Virtual learning poses difficulties to teachers

Jamie Palladino, Junior Editor

Teaching digitally is not for the faint of heart. It requires an enormous amount of effort, compromise, patience, and adaptability. When Friends shut down last March, teachers planned for a pandemic that would only last a few months. The shutdown has since carried from one academic year to the next, forcing teachers to rethink and retool their approach to distance learning. 

Teaching and learning over Zoom is definitely not the same as being in person. Educators had to get familiar with Zoom’s many features such as screen-share, annotation, and polls, and then they had to figure out how to utilize those features to the best of their abilities. The switch from SmartBoards and whiteboards to screens and computers was certainly challenging.

Many felt that the most prominent facet online school lacked was the social aspect. “I miss those opportunities we could share and have conversations and get to know each other,” said Coleman Hall, who teaches multivariable calculus and precalculus in the upper school. “Not like we can’t do that on Zoom but because we’re only meeting together two hours a week, it really creates a time crunch and we want to get through all our material.” 

Teachers cite the bonds they make with students as the primary reason they miss teaching and being in-person. Eli Sidman, a science teacher in both middle and upper school, feels he has lost connection with his students. “I might be hearing that students are having a conversation about Among Us [an online multiplayer deduction game] and I have something I want to contribute and then redirect them back on task, and I can’t,” he said. “Those kinds of bonding moments are really few and far between.” 

Overwhelmingly, teachers miss the community cultivated in an in-school environment. Lynn Lin, who teaches Chinese in all three divisions, has missed the vibrancy of the Friends community. “The community and the space and the people are sort of what I miss, and every time you see someone, you’re like, ‘Oh my God, it’s so good to see you but I can’t hug you or touch you or get close to you,’” she said.  “I miss everyone sitting in the Meeting House. I miss listening to the jazz concerts, the various performances. The heartbeat of the school, which is the people, and then the creative things that come out from the people.” 

I miss… the heartbeat of the school, which is the people, and then the creative things that come out from the people.”

— Lynn Lin, Chinese Teacher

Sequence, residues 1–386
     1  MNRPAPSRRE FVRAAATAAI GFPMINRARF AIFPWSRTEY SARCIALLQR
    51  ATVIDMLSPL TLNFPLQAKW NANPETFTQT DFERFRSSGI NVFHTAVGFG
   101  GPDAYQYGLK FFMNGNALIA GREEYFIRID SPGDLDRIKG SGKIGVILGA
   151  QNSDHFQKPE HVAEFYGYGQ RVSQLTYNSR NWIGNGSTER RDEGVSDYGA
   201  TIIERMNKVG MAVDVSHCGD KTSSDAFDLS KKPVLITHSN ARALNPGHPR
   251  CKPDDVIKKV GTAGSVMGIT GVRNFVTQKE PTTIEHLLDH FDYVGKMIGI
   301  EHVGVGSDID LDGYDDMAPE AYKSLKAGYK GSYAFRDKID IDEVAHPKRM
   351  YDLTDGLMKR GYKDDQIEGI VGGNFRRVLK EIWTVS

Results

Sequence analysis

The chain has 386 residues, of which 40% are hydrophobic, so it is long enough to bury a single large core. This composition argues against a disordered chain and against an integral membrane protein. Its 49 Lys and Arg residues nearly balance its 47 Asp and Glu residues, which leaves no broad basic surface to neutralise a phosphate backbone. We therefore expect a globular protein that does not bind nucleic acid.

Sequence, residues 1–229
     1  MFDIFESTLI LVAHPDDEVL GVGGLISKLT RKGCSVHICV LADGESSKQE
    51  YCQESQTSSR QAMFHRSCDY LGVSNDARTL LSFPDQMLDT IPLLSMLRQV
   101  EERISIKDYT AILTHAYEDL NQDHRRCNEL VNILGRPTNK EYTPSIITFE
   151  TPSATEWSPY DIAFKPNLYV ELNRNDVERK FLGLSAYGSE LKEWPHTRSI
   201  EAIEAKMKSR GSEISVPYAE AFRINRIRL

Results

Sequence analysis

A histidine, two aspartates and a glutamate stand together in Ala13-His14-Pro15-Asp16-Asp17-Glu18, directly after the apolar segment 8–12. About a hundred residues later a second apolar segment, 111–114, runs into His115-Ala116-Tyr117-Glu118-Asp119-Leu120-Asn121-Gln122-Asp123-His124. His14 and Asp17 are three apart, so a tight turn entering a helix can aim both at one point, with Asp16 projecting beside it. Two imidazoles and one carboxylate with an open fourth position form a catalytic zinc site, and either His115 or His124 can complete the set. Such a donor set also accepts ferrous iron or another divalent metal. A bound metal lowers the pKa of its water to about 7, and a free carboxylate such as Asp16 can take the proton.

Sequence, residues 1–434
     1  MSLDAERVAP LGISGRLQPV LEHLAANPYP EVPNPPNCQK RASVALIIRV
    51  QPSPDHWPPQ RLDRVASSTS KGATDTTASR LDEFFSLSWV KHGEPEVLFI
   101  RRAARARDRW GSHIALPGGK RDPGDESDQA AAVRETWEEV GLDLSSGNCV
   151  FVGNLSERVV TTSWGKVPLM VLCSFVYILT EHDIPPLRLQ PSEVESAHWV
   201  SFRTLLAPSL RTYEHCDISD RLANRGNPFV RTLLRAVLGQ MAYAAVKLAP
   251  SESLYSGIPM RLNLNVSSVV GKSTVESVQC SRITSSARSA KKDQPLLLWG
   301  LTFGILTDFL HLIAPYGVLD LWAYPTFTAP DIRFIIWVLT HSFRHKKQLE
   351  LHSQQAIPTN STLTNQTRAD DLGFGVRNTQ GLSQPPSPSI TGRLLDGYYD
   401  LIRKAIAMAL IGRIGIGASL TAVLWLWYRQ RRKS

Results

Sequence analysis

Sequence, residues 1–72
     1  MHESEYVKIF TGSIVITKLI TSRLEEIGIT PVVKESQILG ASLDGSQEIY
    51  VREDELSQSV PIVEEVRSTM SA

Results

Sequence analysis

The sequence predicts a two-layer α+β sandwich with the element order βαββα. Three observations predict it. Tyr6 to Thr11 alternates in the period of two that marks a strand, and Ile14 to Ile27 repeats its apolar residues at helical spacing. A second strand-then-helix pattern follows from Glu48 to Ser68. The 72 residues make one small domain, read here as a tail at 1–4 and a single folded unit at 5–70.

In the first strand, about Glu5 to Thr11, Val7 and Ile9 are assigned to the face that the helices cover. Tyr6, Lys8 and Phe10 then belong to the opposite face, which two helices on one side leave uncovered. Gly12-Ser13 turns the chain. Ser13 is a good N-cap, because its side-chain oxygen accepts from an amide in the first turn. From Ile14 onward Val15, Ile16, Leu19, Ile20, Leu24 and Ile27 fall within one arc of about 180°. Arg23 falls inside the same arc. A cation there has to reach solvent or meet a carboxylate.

Over the summer, educators and administrators worked tirelessly to move their classes to a digital format that would give students the best learning experience they could have over Zoom. Hall said, “I rewrote worksheets for every lesson, notes for every lesson, figured out strategies to deliver precalculus in the best way possible that isn’t requiring students to have to look at a screen all the time.”

Hours of preparation go into each online lesson. Grading, some teachers say, takes three times as long online. Others say that the time they spent making instructional videos for students also added more time to their prep. Regardless, in the shift from physical to virtual teaching, the workload for many teachers has increased greatly. “I typically listen to all sixteen [students] at a time, but now I have to listen to sixteen separate recordings, so it takes sixteen times as long to hear one song,” said Kristin Marchilena, the upper and middle school chorus teacher. “There are things I’ve had to take off my plate that we’d normally be doing. We all have to do that right now because there wasn’t enough time in the day to do pre-pandemic work.”

There are things I’ve had to take off my plate that we’d normally be doing. ”

— Kristin Marchilena, Performing Arts Teacher

Other teachers explained that while their teaching workload may not have grown so drastically, they’ve had to figure out a way to navigate a delicate work-life balance. Many teachers have families and responsibilities outside of teaching. Lin, who has two children under five, said “I find myself having this debate in my head about choosing between: “Should I grade those papers or grade those homeworks now?’ or ‘Should I spend time with my son and not plop him in front of the TV?’ So those are kind of the decisions that I’m sort of going back and forth regularly in my head.”

While it is difficult at times to have family at home while trying to work, teachers say they found a silver lining in the time they’ve spent with family members and loved ones.

Teachers have also found new tools and methods of teaching that they’d incorporate into their classrooms when in-person learning resumes. Marchilena said she found a program called Noteflight, which allows users to create, hear, and view music scores. She also said, “We’re going to start using the Soundcheck feature where you get automatic feedback from Noteflight. How in-tune am I? Am I on the right pitch?” Sidman mentioned that he might try to incorporate labs from Pivot—a website that produces interactive video labs that students can analyze and observe—into his regular curriculum.

Teachers have also looked to the positives that will come out of the distance learning experience. “On the whole, I don’t prefer this by any stretch of the imagination and I think that the positive things, though they exist, don’t necessarily outweigh the negatives,” Hall said. “But I also think there’s a lot of things that I’ve learned through this experience that will make me a better teacher in the future.”